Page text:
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Anyway, an interesting question that arises from the apoliteia-perspective is what society is the best one to live in. Social democracy, totalitarianism, theocracy? This is where libertarianism becomes interesting, as a libertarian society offers a Traditionalist the freedom to be himself and search for enlightenment/initiation in his own way. No thought police will come knocking on the door of the Traditionalist when he has dared to express his thoughts on race or gender roles. No thought police will fire the Traditionalist as soon as the media has "exposed" him as an anti-democrat (as the libertarian ideology itself is anti-democratic, i.e. opposed to the right of the majority to take away the rights of the individual). No benevolent nannies/politicians will imprison the Traditionalist as soon as he, as part of his search for enlightenment, has tried the effects of marijuana.

From this fact, there are strictly practical affinities between a libertarian worldview and a Traditional one. In many cases Traditionalists will have great use of strong libertarian lobby groups, and in fact the libertarians have use of a number of Traditionalists spreading their ideals about mature, honorable and independent people as well (for freedom to work, the human material must have some degree of quality). As a Traditionalist, one can also feel respect for the libertarians when they stand up to the state and the nanny mentality, and say: "I am a grown up, honorable person. I am fully capable of taking care of myself and answer to the consequences of my own actions. I don't need a nanny state to take care of me", as this is closer to the attitudes and human ideals of our ancestors.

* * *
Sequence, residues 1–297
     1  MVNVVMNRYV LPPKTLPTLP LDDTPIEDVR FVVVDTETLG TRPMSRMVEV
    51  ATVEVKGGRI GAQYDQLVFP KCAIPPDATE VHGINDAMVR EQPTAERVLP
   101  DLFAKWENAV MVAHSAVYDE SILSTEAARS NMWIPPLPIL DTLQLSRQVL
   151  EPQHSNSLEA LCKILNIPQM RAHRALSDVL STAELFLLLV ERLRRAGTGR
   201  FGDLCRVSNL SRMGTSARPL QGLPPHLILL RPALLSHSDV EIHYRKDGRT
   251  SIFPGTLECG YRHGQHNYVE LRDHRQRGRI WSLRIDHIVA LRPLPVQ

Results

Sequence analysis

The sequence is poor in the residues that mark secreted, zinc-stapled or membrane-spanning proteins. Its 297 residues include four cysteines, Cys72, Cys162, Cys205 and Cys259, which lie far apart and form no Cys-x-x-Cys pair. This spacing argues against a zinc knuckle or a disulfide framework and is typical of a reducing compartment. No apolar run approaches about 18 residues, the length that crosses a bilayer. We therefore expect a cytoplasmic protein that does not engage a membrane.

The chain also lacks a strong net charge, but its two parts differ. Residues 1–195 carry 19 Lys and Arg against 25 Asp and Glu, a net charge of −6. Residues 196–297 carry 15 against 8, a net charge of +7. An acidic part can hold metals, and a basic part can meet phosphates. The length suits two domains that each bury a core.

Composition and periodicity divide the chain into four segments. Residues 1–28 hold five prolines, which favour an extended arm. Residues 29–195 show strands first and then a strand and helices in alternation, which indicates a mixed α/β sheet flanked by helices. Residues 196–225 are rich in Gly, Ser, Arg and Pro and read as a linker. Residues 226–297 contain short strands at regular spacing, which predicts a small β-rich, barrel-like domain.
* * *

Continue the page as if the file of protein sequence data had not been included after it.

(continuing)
Moreover, a libertarian society offers a framework which also Traditionalism can function within. But it is just a framework, which can be filled with anything, and there is a great risk that many people will use it to defend their "choices" of purely animalistic lifestyles ("eat, shit, fuck, die").
http://archeofuturist.blogspot.ro/20...lists-and.html

The Failure Of Fusionism In The Libertarian-Traditionalist Debate: Frank Meyer's Equivocation Of The Two Freedoms

Quote:
If a father breaks off all communication with a grown son because he regards him as a fornicator, that might be a consequence far more dreaded by the son than a court-ordered fifty dollar fine imposed for soliciting prostitutes.

A drug-taking stockbroker might well prefer some months in jail under governmental sentence than the loss of job and friends resulting from the free exercise of his employer's and his friends' libertarian-endorsed right to employ whom they will or associate with whom they please.